Many factors can affect tES outcome and accordingly may contribute to its variability [2124]. These include brain states, brain anatomy, the induced electric fields in the brain and technical factors such as stimulation parameters and the stimulation montage. Most tES studies use a predetermined fixed stimulation montage to all participants neglecting individual anatomy differences potentially leading to suboptimal electric field distribution [25,26]. Other groups optimized the stimulation montage based on the electroencephalography (EEG) spectral power difference on the scalp maps topography between patients and a control group [27]. Another group optimized the stimulation electrode montage based on individually simulated electric fields in multiple compartment finite-element method (FEM)- head models which also addresses the fact that the optimized electric fields are limited by individual anatomical differences [28,29]. More attention to this anatomical variation allows to control variability by optimizing the current density in the target region, leading to improvement in behavioural outcomes [30]. Inter-individual differences in brain morphology such as cortical folding affect the optimal direction of induced current [31]. This addresses the importance of individually optimizing the stimulation electrode montage in order to reduce one source of variability which impairs tES efficacy [32].

In this study, we therefore took into account individual head and brain geometry in order to clarify further the importance of optimal current flow direction. We calculated the electric field strength to personalize the stimulation montage based on individual MRI data [33]. We specified the underlying source of the maximal P20/N20 component as the target for stimulation from EEG source reconstruction which was localized in the Brodmann area 3b in the somatosensory cortex [34], representing fingers and other hand areas [35]. We assumed that the source orientation guides the optimal direction of current flow [3638]. Accordingly, in the motor cortex, a previous study showed that motor evoked potentials (MEPs) were reduced in the orthogonal (perpendicular) but not in the parallel montage to the gyrus [37].

This reconstructed source was then used to determine the location of target and return electrodes. Variation of the position of the return electrodes alters e.g. the activity in the motor system [39]. Increases in electrode distance induce more distributed currents and increase the depth and magnitude of the electric field but they also reduce the shunting effects between electrodes [40]. Personalized stimulation electrodes (i.e., electrode placement tailored to the individually folded cortical patches) that employ a structural MRI of each subject were shown to induce a higher and larger spread of electric field distribution [41]. tACS at 20 Hz with a personalized electrode positioning induced an increase in the MEP amplitudes possibly overcoming the response variability issues [42]. Here we personalize stimulation montage and by this current direction. Overall, the key aim of the present study was to explore the dependency of modulatory effects of 140 Hz tACS on the somatosensory cortex on the tACS current flow direction. In addition, we looked for a possible relationship between plasticity aftereffects as measured by somatosensory evoked potentials and differences between the injected current vector at the target side, and the source orientation vector.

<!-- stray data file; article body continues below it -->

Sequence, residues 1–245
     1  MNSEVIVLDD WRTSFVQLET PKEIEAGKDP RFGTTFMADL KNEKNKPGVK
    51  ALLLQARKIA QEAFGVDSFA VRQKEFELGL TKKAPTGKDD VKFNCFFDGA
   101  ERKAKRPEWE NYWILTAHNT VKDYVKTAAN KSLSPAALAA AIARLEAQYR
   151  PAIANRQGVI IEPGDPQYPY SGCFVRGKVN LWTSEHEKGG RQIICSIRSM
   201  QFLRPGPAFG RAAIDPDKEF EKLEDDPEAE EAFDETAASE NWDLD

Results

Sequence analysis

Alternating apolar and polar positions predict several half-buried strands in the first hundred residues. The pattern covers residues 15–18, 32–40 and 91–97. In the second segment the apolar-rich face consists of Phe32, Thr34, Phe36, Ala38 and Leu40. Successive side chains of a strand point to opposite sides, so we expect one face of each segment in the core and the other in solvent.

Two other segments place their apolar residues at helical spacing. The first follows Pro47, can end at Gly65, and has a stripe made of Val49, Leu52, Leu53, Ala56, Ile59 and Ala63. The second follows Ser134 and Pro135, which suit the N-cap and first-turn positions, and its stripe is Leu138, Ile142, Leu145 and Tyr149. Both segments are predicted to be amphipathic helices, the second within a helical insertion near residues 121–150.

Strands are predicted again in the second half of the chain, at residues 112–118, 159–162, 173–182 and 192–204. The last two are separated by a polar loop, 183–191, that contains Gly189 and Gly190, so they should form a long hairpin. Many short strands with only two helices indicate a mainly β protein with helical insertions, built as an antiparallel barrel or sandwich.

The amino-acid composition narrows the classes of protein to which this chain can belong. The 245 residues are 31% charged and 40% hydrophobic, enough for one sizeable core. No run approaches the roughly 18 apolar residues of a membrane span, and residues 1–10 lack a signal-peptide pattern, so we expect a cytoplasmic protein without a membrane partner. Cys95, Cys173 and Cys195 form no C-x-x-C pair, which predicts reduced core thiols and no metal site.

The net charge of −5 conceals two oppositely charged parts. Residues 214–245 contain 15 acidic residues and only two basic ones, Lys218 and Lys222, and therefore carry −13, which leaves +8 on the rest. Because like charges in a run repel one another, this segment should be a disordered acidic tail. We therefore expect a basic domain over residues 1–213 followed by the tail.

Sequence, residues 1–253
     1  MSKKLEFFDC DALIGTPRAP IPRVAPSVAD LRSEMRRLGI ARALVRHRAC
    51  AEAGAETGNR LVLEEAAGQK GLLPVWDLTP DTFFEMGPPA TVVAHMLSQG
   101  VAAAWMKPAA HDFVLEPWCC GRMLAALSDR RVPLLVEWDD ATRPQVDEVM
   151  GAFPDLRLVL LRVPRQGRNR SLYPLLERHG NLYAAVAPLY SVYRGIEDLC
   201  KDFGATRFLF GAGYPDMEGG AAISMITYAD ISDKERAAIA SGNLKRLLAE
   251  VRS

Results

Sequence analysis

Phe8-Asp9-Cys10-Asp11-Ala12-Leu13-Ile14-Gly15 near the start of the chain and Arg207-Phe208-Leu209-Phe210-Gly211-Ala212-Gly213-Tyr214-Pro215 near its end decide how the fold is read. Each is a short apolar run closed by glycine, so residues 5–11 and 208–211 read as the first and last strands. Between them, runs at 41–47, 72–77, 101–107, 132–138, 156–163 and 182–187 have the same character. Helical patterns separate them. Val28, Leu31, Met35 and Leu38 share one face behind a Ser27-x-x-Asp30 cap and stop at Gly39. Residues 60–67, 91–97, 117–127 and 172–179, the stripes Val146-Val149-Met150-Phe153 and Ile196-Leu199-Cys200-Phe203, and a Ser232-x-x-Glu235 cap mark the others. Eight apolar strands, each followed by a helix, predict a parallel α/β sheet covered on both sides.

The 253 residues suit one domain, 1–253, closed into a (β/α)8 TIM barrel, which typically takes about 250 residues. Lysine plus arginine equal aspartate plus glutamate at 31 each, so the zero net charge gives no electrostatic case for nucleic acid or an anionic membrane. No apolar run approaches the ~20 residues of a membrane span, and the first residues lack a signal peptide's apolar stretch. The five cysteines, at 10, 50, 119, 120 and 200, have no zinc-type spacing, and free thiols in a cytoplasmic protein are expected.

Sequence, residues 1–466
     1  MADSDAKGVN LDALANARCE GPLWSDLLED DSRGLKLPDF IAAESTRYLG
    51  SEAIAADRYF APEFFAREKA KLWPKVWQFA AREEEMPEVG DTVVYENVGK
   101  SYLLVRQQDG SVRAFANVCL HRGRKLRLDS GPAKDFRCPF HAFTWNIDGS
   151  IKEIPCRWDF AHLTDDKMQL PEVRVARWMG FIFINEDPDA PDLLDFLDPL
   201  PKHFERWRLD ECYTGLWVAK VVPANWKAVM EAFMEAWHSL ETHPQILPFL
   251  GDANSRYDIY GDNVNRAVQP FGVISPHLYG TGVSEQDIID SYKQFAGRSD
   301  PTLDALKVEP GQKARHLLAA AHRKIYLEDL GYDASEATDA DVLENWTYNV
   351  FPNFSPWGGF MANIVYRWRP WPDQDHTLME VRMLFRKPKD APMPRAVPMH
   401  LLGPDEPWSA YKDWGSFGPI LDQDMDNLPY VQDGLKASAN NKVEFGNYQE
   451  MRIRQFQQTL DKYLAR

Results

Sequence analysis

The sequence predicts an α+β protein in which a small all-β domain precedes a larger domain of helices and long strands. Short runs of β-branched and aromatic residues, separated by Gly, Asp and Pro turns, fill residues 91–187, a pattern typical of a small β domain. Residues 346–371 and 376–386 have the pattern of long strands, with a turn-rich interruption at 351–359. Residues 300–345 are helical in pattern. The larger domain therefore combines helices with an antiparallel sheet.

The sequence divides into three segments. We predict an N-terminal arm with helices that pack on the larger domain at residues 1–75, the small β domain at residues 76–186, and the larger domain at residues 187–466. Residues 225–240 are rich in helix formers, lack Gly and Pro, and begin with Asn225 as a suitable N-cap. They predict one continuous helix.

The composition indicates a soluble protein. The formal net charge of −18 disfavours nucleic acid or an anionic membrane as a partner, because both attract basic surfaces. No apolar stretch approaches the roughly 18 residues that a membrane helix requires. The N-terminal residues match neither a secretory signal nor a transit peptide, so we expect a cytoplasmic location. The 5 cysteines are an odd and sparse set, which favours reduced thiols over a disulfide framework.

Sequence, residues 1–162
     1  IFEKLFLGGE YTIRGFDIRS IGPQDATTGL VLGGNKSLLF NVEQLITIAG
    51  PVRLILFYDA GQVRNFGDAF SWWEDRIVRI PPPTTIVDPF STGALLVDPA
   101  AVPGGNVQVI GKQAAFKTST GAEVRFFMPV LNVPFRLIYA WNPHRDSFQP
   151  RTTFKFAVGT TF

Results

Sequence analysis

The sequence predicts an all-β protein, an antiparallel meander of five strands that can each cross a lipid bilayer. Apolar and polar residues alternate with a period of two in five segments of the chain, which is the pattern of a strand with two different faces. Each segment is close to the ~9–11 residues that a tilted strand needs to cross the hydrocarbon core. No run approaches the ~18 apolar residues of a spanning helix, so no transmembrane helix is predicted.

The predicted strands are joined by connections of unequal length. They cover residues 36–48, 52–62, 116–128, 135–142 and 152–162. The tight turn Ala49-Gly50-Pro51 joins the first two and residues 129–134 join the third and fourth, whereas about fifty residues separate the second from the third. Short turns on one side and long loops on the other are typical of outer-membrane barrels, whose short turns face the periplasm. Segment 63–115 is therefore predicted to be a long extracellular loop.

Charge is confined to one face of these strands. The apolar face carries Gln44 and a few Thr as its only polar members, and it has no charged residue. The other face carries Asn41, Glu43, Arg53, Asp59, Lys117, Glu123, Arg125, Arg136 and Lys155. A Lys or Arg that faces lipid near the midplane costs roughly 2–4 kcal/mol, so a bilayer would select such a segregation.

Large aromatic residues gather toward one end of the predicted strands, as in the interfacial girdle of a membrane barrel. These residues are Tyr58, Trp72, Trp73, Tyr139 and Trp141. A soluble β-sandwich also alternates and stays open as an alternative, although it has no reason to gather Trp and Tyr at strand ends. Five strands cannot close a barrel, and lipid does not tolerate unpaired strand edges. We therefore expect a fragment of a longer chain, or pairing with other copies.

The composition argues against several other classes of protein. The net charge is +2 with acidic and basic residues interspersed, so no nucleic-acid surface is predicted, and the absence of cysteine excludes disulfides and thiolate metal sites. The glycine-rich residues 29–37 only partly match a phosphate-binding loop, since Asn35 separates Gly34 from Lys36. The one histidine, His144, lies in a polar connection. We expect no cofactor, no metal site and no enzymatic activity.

Seventeen healthy participants (9 male; age 24.00 ± 2.83 years (mean ± SD); range 20–30) were recruited in this study after giving written consent. They were right-handed as assessed by the Edinburgh handedness inventory [43]. Our participants had no history of neurological and psychiatric illnesses, no contraindication to brain stimulation and magnetic resonance imaging (MRI) and not the active smokers. In each session, the participant’s history of medication use, alcohol, smoking and caffeinated products use was recorded because these factors may modulate cortical excitability and plasticity, brain oscillations and connectivity [23,4449]. Participants were advised to refrain from caffeine, smoking and alcohol use a day before experiment and on the experimental days. As hormonal changes can be confounding factors to brain stimulation responses [50,51], sessions with female participants were conducted at least five days after the menses ended. One participant dropped out from session 5 and 6 due to a personal reason and the data analysis of that participant was carried out on the completed sessions. This study was approved by the Ethical Committee of the University Medical Center Göttingen and participants informed consent was conducted in accordance with the Declaration of Helsinki.

Experimental design and paradigm

The experiments consisted of two parts. In a pre-experiment, EEG and an individual MRI scan were recorded to source localize the P20/N20 target elicited by median nerve stimulation. Then, the main experiment consisted of different sessions of EEG recordings before and after tACS or sham. We defined P20 as the maximum positive voltage value over the frontal pole. N20 is the maximum negative voltage value over the occipital pole which peaks between 18 to 22 ms after median nerve stimulation. N30 is defined as the maximum negative voltage value over the frontal pole and P30 is the maximum positive voltage value over the occipital pole which peaks between 28 to 34 ms after median nerve stimulation. In this paper, we use P20/N20 and N30/P30 to represent the components of both poles.


In this session, the localization of the P20/N20 source was performed after stimulating the right median nerve (Fig 1a).

Fig 1. Experimental design.